A Hollywood blockbuster in video game form. That’s the simplest way to describe Contra III. Take everything from summer action movies, the explosions, the booming soundtrack, and distill it down to its essence and you have the Alien Wars. By this point the Contra series had achieved iconic status so the game was highly anticipated, and it managed to blow away all expectations upon release.
Contra III: the Alien Wars was released in 1992 for all regions and finds our heroes once again battling Red Falcon and his alien forces, who have since regrouped and initiated a full on war against Earth. Just like a summer action movie the story is non-existent. You battle the alien forces across six diverse levels which does not sound like much but trust me, you will be grateful there are only that many. Luckily your arsenal of weapons has been vastly expanded to combat this menace.
New to the series are the Homing Missiles, Flamethrower and the Crusher Missiles as well as the ability to stockpile screen clearing bombs. Each new weapon has its pluses and minuses: Homing Missiles are extremely handy but very weak, the Flamethrower is powerful but has a short range, and the Crusher Missiles are your strongest weapon but cannot be fired as rapidly as everything else. They are best saved for the bosses. You now can carry two weapons at once and only lose whichever is active upon dying. You can also fire both at the same time which, while looking cool I never really found a use for. It also carries causes you to lose both weapons if you die. Lastly, you can climb on nearly any surface including ceilings. Sounds like you have the makings of a walking terminator but all of these abilities are needed to survive the excellent levels.
The level design is in a word, outstanding. Every level is a departure from the last and the game takes you on a roller coaster ride of action set pieces. Level 3 is a nonstop parade of boss fights, with each one upping the ante until the level’s climax. Level 4 sees you speeding down the highway on your motorbike only to ascend to the sky for the level’s culmination. Levels 2 and 5 are overhead levels that allow you to choose your starting position and plot your route as you destroy 5 cores to unlock the boss. The mode 7 effects are really put to use in these levels as you constantly rotate the screen to navigate. These mark the biggest exodus from the traditional gameplay and honestly while some people hate them I think they break up the flow of the action nicely. That flow is the game’s chief asset; when the action is heavy you barely have time to breath as you move from point to point. But when the game slows it down you can take things at your own pace. It’s all very measured.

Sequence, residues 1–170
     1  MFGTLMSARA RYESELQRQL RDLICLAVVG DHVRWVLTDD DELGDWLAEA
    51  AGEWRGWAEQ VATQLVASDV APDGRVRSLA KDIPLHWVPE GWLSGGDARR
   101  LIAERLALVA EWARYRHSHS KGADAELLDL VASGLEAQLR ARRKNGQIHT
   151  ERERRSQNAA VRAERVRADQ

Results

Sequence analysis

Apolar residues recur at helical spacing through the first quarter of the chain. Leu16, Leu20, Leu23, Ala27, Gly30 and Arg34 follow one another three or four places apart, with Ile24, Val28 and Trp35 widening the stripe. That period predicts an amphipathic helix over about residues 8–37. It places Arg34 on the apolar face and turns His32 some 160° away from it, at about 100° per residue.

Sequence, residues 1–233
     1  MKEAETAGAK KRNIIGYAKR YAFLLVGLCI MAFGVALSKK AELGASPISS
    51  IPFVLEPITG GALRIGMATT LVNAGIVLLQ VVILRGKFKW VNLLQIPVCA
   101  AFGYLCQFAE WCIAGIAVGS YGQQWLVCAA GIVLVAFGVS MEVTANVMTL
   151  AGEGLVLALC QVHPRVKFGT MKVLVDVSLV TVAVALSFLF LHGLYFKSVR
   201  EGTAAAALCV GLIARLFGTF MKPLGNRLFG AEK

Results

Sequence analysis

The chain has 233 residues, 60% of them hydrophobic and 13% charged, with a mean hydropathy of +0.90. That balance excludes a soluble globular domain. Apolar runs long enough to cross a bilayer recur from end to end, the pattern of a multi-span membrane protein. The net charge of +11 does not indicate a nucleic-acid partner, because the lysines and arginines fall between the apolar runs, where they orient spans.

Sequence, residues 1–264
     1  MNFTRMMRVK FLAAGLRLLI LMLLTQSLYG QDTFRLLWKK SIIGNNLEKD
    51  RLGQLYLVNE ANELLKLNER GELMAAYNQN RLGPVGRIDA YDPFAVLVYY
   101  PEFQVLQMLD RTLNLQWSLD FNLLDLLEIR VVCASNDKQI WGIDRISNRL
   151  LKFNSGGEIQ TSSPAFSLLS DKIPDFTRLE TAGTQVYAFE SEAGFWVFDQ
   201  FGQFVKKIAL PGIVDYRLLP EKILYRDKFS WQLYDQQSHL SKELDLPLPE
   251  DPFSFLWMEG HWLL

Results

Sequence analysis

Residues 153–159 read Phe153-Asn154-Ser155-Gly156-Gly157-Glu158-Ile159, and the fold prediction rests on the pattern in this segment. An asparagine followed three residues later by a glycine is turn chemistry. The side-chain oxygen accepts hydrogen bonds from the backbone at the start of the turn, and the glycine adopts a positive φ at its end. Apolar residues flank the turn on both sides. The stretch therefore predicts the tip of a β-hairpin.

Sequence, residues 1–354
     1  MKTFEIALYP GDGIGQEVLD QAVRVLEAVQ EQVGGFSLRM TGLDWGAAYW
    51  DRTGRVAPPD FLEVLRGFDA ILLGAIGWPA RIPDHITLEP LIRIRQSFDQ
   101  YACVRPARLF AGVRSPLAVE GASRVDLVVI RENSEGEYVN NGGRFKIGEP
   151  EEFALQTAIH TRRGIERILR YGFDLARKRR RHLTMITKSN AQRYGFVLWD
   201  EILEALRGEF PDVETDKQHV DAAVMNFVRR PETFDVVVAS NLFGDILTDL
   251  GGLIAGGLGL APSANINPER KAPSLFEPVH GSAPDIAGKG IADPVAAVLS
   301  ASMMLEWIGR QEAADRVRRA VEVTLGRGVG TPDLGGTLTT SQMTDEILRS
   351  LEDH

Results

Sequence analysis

The challenge is tuned perfectly depending on the difficulty selected. Easy will allow you to adapt to the game’s nuances. Normal presents a decent challenge but remains doable. Hard is exactly what the name implies, and as an added bonus is the only w;ay to see the true ending, which I’ll add is more than worth the hassle. Oh yeah, no Konami code to save your ass this time around either. You’re going to have to earn your ninja gaming stripes the old fashioned way.
This is one of the few games where the Hard difficulty is a legitimately new experience. Bosses have new attacks, increased immunities to certain strategies, and as insane as it sounds, everything moves faster. The bosses steal the show in every scene, with some incredibly creative scenarios. The moment the final boss of Area 3 rips open the walls to fight is one of the greatest scenes in video game history. Likewise the final boss of Area 4 is one of the most awesome encounters from that era. How many other games have you jumping from missile to missile while fighting a massive mother ship? On hard the final boss even has one more form to contend with just when you think it’s over. You’ll need the reflexes of a cat to overcome these odds, but if you are willing it’s a war worth winning.
Almost 20 years later and this still remains the pinnacle of the series. That right there is a testament to its quality. Not many games can withstand the test of time so well and Contra III definitely stands proud among that elite class.
Buy Contra III